In July 2020, then-Evanston Mayor Steve Hagerty and Northwestern President Morton Schapiro announced a new plan for the University to give back to the community and advance racial equity in Evanston: the Good Neighbor Racial Equity Fund. Through the fund, NU has committed $1 million for fiscal year 2020-21 to support projects to improve racial equity in the community. The fund focuses on four areas: justice and government, neighborhoods and infrastructure, economic opportunity and public health

Last July, former City Clerk Devon Reid implemented a police transparency policy. Almost a year later, the city has yet to follow it.

Last July, Devon Reid, Evanston’s city clerk at the time, announced a policy he claimed would increase police transparency: publishing Evanston Police Department misconduct and use of force records on the city website. In an interview with The Daily, Reid said the policy is important for holding the police accountable and also improving future police behavior. But it has been almost a year since the policy was announced, and no such records have been released. Instead, the policy has been the s

Connections for the Homeless honors participants, volunteers and staff

A yard sign from Connections for the Homeless. Connections hosted a virtual event Tuesday honoring their participants, volunteers and staff. The Evanston homelessness prevention, shelter and housing program Connections for the Homeless held a virtual Milestone Celebration Tuesday honoring the program’s participants, volunteers and staff. Connections is a local non-profit that provides shelter and support for people experiencing homelessness, assists them in finding permanent housing and helps

Citizens’ Network of Protection talks police body camera program

Evanston police Cmdr. Ryan Glew discussed state and local policies on police body cameras at a Tuesday event hosted by Citizens’ Network of Protection. Evanston Police Department’s body-worn camera program was fully implemented in 2018 after a pilot period in 2017, Glew said. 120 Axon body cameras were deployed to the field units in patrol, traffic, problem solving team and the special operations group, according to EPD’s website. In January 2019, EPD expanded the program to include members of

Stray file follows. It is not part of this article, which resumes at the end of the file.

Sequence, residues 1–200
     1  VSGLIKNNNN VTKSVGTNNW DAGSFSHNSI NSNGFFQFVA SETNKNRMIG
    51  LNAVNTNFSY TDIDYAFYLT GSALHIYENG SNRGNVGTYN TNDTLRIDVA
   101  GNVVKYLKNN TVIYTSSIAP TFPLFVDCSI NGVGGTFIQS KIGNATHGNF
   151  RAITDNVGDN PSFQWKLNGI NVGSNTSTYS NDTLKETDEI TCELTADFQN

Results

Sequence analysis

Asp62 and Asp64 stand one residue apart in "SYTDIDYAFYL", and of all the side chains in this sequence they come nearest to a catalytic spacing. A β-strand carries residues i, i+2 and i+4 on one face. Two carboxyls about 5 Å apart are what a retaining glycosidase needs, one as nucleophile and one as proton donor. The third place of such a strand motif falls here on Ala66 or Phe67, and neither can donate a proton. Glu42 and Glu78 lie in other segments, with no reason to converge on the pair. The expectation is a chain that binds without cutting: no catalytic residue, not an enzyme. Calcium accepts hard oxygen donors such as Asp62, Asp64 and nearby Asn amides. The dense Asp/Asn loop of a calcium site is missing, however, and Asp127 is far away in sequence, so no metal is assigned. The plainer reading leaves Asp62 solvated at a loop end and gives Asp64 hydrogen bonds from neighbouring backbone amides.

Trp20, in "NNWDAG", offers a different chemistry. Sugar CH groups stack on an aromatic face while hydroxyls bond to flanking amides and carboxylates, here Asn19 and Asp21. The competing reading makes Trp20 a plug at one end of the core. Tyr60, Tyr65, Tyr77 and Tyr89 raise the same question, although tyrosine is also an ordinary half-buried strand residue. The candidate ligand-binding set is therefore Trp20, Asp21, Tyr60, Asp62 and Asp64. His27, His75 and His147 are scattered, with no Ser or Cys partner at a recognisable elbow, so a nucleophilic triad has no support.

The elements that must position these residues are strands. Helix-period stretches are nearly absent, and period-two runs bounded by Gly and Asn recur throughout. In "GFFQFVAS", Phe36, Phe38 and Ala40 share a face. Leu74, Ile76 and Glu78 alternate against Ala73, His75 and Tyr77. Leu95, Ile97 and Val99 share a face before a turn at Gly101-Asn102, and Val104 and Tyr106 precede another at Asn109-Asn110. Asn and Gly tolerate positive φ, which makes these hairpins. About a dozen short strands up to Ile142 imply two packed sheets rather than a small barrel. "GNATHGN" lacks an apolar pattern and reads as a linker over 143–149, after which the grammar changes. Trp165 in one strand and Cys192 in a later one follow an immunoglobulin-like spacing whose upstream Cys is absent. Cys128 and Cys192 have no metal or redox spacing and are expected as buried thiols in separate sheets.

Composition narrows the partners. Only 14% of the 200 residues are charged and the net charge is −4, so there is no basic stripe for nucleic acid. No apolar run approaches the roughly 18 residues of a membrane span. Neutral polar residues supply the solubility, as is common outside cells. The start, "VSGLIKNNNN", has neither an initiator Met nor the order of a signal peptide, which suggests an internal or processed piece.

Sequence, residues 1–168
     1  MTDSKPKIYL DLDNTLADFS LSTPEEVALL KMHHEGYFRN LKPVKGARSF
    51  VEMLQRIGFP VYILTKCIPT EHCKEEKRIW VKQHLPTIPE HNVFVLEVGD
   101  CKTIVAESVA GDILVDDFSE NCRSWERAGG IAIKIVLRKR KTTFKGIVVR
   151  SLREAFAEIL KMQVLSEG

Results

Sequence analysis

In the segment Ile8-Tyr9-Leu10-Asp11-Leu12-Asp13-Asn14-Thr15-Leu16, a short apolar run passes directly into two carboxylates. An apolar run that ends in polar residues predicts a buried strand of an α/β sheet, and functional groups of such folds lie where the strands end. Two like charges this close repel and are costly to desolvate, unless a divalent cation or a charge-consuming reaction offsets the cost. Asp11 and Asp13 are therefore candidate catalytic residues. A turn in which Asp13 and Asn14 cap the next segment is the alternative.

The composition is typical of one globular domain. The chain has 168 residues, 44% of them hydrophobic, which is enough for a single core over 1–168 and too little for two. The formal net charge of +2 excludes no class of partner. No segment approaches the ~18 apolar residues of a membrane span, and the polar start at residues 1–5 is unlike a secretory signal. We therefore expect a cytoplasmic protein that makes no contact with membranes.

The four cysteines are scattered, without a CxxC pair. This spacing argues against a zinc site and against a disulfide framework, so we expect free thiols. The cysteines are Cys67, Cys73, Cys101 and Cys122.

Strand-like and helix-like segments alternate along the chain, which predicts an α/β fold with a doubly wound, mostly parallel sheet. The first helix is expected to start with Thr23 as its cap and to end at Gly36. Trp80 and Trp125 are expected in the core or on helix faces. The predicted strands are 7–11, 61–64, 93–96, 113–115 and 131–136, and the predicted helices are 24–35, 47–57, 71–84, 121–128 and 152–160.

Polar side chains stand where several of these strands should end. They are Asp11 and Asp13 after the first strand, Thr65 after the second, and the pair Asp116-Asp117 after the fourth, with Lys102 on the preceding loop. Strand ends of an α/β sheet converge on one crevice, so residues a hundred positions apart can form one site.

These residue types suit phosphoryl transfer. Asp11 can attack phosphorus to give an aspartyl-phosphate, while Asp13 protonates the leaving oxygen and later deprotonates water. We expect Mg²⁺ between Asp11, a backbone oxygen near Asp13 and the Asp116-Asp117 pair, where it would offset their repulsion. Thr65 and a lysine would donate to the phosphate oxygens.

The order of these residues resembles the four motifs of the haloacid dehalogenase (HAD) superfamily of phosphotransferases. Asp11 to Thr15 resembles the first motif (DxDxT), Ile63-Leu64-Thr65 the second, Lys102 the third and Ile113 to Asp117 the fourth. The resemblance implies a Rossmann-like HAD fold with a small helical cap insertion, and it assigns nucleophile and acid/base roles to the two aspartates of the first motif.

A year after purchase, questions linger around purpose of Evanston’s unused police and fire drone

Evanston Police Department’s aerial fleet is unassuming: a single four-rotor drone, small enough to fit in the palm of your hand. While small, the drone makes up the entirety of an Unmanned Aerial System program, jointly operated by Evanston’s police and fire departments. A year after purchase, the drone has not yet been employed in the field. As the departments work to get the program airborne, however, questions of legality remain around some of the drone’s intended uses. The drone’s primary

Latino Union of Chicago demands Evanston construction company pay worker owed wages

Organizers speak at the protest. The Latino Union of Chicago held a protest Thursday to demand Evanston-based construction company Continental Construction pay a worker wages. The Latino Union of Chicago held a protest Thursday in front of the office of Evanston-based construction company Continental Construction, demanding the company pay the wages a day laborer says he is owed. The Latino Union of Chicago is a workers’ center that advocates for non-unionized workers, including day laborers.

Citizen Police Review Commission discusses officer’s alleged racial bias

Evanston Police Chief Demitrous Cook. Cook was present at the meeting and will make the ultimate determination of whether disciplinary action is warranted. The Evanston Citizen Police Review Commission concluded Wednesday that an investigation into an allegation of race-based preferential treatment by an Evanston Police Department officer was insufficient for the second time and returned the case to EPD for further review. The investigation involves a car crash in June 2020. A witness to the i

Discussing potential budget cuts, D65 school board members consider earlier middle school start times

The Evanston/Skokie District 65 Education Center, at 1500 McDaniel Avenue. At a meeting of the district’s Finance Committee, school board members discussed potential budget cuts to address a $1.9 million shortfall in the FY22 budget. In an effort to narrow the district’s budget deficit, the Finance Committee of the Evanston/Skokie School District 65 school board discussed changing school start times, laying off staff members and replacing an annual overnight trip with a less expensive day camp.

Mayoral candidate Lori Keenan talks public safety

Mayoral candidate and community activist Lori Keenan. Keenan spoke with the Daily about her public safety platform Lori Keenan said her public safety platform is based on ideas she’s been talking about since before she started her run for mayor. “We could certainly be doing the type of policing that Evanston wants to be doing for much less money, and less aggressively, and less detrimentally to populations that have been over-policed for generations,” Keenan said. As mayor, Keenan said she wo